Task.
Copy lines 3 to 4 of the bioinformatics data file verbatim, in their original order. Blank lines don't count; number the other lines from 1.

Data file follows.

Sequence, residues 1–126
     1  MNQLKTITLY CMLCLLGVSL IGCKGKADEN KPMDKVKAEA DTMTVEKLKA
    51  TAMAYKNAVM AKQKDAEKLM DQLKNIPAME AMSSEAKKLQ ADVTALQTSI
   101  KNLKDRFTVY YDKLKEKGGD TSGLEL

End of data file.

    51  TAMAYKNAVM AKQKDAEKLM DQLKNIPAME AMSSEAKKLQ ADVTALQTSI
   101  KNLKDRFTVY YDKLKEKGGD TSGLEL